2005-07-15 / Columnists

Early Summer Rush On Rockaway Bridges

Cross Bay Bridge Maintainer Frank Anthony waters the flowers at the Cross Bay Bridge toll plaza as part of the bridge’s beautification program.Cross Bay Bridge Maintainer Frank Anthony waters the flowers at the Cross Bay Bridge toll plaza as part of the bridge’s beautification program. Following another brutal winter and a soggy spring, summer activity has taken off at the MTA Bridges and Tunnels Rockaway crossings as daily traffic in the steamy month of June through the first week of July has averaged more than 23,000 a day on the Cross Bay and 25,000 a day on the Marine Parkway-Gil Hodges Memorial Bridge, up from the off peak season average of 19,000 vehicles a day at these facilities.

“The hot weather during the weekends in June created an early summer season at both of the Rockaways’ Bridges,” said General Manager John Ryder. The summer surge usually begins in July when school is out. But this year’s daily near-90 degree temperatures caused more people to seek relief at the beaches.”

Maintainer Pete Reneo power washes the Promenade on the Rockaway side of the Cross Bay Bridge.Maintainer Pete Reneo power washes the Promenade on the Rockaway side of the Cross Bay Bridge. Getting an early start on pre-season maintenance activities prepared both bridges in time for the early summer surge in traffic. The maintenance crews of the Cross Bay and Marine Parkway Bridges had already completed nearly all of their tasks in preparing for the summer season.

All potholes and broken signs were repaired. Electronic variable message signs were cleaned and serviced. And, the 28 tollbooths at the Cross Bay and Marine Parkway Bridges were upgraded with new equipment, interior painting, new doors and windows, electrical system improvements. Customers on the Rockaway side of the Marine Parkway Bridge will also have a smoother ride this year as roadway paving was completed on the approach.

Among the more frequent activities are sweeping and degreasing of the toll lanes at both facilities. The maintenance effort extends to keeping a clean and cheerful appearance. Maintenance crewmembers regularly steam clean the new Promenade on the Rockaway side of the Cross Bay Bridge and also water the newly planted flowers at the tollbooths of both facilities.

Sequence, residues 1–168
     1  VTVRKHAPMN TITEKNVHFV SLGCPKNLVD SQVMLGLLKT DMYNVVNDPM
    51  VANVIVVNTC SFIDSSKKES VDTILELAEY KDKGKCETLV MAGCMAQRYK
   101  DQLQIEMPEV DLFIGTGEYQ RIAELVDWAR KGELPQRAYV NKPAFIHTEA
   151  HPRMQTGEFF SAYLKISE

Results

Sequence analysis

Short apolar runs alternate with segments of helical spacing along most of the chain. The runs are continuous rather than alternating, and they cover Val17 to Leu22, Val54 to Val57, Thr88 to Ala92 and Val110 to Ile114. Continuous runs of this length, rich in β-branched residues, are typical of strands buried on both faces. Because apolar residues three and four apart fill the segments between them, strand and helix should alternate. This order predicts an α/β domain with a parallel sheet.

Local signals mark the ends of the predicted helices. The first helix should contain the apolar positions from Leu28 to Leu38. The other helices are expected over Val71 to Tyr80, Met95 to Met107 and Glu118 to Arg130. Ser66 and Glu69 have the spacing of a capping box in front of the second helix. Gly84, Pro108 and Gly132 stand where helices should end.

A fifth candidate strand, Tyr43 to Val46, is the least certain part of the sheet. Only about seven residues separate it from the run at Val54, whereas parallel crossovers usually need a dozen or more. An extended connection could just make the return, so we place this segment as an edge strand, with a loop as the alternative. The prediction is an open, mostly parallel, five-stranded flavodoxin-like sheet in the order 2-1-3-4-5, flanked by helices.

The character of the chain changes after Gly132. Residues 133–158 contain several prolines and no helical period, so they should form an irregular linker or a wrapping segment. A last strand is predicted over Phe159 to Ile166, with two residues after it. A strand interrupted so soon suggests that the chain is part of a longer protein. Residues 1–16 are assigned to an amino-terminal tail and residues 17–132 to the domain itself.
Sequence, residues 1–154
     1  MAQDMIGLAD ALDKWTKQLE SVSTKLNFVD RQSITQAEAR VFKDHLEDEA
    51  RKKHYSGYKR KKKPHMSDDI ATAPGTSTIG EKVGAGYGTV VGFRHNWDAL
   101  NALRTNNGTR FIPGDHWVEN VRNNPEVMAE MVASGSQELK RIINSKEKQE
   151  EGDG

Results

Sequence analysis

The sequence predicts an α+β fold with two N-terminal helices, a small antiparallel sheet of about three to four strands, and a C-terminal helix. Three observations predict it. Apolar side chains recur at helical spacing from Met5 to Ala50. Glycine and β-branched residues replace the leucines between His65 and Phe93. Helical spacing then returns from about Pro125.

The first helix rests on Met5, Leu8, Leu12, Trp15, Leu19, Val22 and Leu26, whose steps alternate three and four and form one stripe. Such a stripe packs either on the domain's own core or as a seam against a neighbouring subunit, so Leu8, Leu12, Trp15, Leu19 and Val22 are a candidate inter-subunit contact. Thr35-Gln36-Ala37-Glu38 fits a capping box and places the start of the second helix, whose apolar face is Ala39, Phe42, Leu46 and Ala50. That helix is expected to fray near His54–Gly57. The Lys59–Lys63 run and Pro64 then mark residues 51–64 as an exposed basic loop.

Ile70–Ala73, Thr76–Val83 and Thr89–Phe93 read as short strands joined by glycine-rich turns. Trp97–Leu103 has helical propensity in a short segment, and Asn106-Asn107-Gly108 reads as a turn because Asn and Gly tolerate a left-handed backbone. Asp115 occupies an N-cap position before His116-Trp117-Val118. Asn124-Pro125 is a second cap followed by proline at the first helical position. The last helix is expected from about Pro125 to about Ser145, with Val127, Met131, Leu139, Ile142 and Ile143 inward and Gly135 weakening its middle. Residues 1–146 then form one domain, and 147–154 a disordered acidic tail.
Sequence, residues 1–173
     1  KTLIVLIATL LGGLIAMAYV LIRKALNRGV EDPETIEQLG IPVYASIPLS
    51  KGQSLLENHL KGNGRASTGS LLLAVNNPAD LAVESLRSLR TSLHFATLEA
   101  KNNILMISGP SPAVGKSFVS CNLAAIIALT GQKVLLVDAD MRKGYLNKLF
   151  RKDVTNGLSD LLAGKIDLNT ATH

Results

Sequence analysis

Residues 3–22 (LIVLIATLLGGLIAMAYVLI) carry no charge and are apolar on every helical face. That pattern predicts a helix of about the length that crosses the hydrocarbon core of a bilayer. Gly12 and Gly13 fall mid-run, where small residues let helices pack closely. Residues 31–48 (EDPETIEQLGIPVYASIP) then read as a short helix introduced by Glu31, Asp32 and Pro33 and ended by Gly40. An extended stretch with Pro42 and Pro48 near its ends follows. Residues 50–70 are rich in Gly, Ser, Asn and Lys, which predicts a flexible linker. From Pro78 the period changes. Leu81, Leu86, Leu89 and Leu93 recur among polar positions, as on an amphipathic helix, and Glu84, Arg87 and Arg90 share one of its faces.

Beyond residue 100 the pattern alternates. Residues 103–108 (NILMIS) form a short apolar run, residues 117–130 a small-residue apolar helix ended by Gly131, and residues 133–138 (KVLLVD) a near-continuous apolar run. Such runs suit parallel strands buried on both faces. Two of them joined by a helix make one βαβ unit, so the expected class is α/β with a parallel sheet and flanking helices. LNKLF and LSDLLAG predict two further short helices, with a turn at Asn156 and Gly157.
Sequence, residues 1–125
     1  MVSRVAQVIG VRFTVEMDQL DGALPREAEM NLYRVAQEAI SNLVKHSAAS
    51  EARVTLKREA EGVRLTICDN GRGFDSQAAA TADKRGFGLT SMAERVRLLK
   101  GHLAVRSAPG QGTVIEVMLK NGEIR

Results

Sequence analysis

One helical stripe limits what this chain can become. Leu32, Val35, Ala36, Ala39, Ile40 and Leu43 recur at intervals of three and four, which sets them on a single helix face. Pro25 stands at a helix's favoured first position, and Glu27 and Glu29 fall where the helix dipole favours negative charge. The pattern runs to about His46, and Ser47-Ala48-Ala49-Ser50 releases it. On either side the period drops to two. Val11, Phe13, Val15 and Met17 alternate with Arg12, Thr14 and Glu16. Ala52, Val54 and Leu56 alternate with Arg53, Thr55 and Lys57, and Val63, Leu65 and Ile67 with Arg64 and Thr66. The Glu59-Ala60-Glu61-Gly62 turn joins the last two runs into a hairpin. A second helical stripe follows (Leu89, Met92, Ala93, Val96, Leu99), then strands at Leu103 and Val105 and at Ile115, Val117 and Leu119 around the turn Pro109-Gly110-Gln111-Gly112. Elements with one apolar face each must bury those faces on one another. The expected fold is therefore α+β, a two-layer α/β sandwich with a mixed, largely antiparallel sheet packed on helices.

To assist with the annual 40% increase in summer traffic, MTA Bridges and Tunnels hires temporary toll collectors, students 18 years or older, from Memorial Day to Labor Day to help with the summer surge in traffic.

“The summer program helps us handle the increase in customers during the beach season and they get the opportunity to learn about our operations and customer service,” said Ryder. “We work closely with each of them on a one-on-one basis to train them in safety procedures to ensure they know how to handle the job and themselves in a hazardous environment.”

Brian Barnwell of Massapequa, a sophomore, majoring in political science at Arizona State University, is one of the seasonal toll collectors assigned to the Marine Parkway Bridge. Prior to joining MTA B&T, Barnwell worked in a fast food restaurant and a grocery store.

“The job is very interesting to me. I get to meet and talk to the different people who operate the bridge,” said Barnwell. “I also get to know our customers because I see them every day. And, we also learn how to keep the customers moving while keeping the money straight, without making a mistake. “

Even though summer has just begun, the staff of the Rockaway’s bridges is already starting to turn their thoughts to the inevitable return of winter. Summer is the time to begin the work of annual inspections on the facilities’ vehicles. The trucks that are usually used for snow removal are repainted and serviced during the summer. This includes servicing their electrical and mechanical systems. In addition, pipes and plumbing to the facility’s service buildings and trailers are checked to make sure heat tracers to pipes are working to prevent freezing.

MTA Bridges and Tunnels is currently planning a $40 million upgrade of the nearly 35-year old Cross Bay Bridge that is scheduled to begin late next year. The main features of the overhaul are the replacement of the entire six lane roadway deck above the navigation channel in the middle of the bridge, the rehabilitation of the rest of the roadway deck and the replacement of the bridge’s drainage system while the bridge continues to serve more than 18,000 daily vehicles.

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